Authorities continue to target human rights defenders who took part in four sit-ins organised in front of the Central Apparatus for Illegal Residents’ Affairs.
Abdulhakim Al-Fadhli and Hamid Jameel were summoned by Kuwait’s Electronic and Cyber Crime Combatting Department (ECCCD) for their peaceful activities on the internet.
The overly broad 2015 DNA law had required all Kuwaiti citizens, residents, and visitors to provide DNA samples to authorities, in violation of their right to personal privacy.
Prominent human rights defender Abdulhakim Al-Fadhli is still being held at the Central Prison in Kuwait and risks facing deportation from the country, according to reports received by the Gulf Centre for Human Rights (GCHR).
In Kuwait, no one is immune from legal prosecution when criticizing the Emir and the ruling family.
On 18 April 2016, Kuwaiti security forces arrested Bedoon human rights activist Abdulhakim Al-Fadhli. Human rights defender Rana Al-Sadoun, who was arrested two days previously, has since been released from prison on bail.
Eleven regional and international civil society groups have penned a letter to U.S. President Barack Obama urging him to press for the release of all detained rights defenders across the Gulf region who are imprisoned solely due to their peaceful and legitimate human rights work.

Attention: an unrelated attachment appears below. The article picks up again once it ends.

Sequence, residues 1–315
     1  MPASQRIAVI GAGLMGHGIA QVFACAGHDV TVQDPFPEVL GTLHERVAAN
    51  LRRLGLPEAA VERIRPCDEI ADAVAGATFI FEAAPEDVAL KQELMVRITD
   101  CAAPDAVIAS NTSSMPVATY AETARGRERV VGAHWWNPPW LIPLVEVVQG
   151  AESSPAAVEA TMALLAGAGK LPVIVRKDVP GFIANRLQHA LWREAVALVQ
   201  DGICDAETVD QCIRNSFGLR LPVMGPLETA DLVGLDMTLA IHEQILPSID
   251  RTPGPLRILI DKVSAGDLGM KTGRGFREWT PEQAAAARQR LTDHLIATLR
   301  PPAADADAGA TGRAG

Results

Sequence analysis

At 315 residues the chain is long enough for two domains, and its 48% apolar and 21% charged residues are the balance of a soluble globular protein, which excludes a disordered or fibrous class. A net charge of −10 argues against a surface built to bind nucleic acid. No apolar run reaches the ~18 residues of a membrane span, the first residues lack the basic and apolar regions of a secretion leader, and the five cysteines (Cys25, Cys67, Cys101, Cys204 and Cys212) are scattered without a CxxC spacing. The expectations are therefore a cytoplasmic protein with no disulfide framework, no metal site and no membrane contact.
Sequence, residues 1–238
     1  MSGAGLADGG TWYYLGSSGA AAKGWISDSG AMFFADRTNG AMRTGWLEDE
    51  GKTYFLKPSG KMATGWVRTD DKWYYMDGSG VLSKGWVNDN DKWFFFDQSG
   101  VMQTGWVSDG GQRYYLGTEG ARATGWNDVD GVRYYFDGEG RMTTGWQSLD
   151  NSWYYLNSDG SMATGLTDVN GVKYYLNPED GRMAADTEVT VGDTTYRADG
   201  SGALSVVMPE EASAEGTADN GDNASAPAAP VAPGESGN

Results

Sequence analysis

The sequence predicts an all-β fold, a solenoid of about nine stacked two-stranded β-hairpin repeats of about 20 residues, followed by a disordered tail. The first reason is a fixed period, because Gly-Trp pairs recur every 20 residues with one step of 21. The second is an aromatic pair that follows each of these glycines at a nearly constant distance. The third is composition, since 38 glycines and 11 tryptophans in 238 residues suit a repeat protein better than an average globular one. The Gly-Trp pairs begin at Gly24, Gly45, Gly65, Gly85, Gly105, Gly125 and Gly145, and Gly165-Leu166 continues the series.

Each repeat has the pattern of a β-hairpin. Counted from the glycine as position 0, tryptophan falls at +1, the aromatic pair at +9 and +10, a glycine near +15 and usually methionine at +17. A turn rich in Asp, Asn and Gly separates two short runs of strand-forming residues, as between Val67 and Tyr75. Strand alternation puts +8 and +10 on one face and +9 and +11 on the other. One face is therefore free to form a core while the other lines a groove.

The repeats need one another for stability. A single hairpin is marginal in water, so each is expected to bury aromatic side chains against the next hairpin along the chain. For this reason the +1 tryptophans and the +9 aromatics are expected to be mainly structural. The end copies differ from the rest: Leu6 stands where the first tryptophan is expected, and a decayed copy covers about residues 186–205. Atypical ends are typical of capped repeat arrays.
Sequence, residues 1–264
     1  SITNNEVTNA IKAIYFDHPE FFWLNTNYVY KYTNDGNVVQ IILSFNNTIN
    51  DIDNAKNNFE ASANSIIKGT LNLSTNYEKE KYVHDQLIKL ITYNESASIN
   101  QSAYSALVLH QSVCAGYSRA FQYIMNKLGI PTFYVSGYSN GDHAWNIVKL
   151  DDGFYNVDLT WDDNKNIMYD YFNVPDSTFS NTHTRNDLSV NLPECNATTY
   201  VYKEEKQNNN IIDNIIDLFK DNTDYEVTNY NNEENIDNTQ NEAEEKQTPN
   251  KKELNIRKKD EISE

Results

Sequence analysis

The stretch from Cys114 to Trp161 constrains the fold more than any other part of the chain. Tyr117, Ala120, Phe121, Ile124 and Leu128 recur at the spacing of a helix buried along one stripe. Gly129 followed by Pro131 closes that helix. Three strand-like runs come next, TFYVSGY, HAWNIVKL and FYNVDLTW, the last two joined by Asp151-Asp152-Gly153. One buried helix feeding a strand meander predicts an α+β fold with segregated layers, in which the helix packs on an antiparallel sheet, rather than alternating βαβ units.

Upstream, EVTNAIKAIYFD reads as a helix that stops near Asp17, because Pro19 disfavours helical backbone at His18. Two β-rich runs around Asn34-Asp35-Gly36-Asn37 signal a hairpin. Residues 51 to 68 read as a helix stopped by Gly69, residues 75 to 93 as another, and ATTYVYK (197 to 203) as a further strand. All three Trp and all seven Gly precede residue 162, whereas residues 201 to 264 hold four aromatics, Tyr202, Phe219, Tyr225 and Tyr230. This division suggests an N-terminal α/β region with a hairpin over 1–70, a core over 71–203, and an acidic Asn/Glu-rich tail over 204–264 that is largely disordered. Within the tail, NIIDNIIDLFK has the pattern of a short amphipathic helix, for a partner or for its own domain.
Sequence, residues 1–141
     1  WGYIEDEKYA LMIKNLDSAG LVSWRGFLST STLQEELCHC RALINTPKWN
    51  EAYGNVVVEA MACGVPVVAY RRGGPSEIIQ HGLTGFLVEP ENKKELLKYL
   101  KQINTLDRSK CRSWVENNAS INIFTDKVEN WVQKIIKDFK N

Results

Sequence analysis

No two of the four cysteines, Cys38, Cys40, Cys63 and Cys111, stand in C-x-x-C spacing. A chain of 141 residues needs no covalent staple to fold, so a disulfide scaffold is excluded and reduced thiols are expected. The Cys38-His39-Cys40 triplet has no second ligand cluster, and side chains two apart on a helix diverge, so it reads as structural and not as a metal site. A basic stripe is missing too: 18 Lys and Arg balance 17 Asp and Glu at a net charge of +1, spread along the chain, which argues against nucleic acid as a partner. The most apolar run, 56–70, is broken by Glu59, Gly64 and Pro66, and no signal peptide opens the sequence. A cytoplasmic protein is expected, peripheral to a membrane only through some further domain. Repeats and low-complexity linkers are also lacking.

On March 29, Kuwait’s parliament voted to strip Member of Parliament, and human rights defender, Abdulhamid Dashti of his parliamentary immunity over comments he made against Saudi Arabia, and in support of Syrian President al-Assad.
The new legislation contains 21 articles which seek to regulate a number of online activities in Kuwait. There is particular concern that the new law, especially articles 4, 6 and 7, could be used to limit freedom of expression on the Internet, as well as to target online activists including bloggers and citizen journalists.
Articles 6 and 7 of the new law expand the reach of existing prohibitions on print publications to virtually all dissemination of information through the Internet, including online journalism and private use of social media and blogs.
Kuwait’s Court of Cassation on June 12, 2015, upheld a six-year sentence for blogger Saleh al-Saeed for tweets criticizing Saudi Arabia.
Eleven of the protesters were released on March 25 and are expected to face charges of illegal gathering. Five remain in custody and may face charges of attacking law enforcement offices in addition to the illegal gathering charges.
Saleh al-Mulla was charged with insulting the Emir, insulting a foreign leader, and endangering bilateral relations over critical tweets he sent before an official visit by President Abdel Fattah al-Sisi of Egypt.
The Kuwaiti Court of Cassation sentenced activist Saqr Al-Hashash to one year and eight months in prison for insulting the Emir through tweets he posted on his personal Twitter account.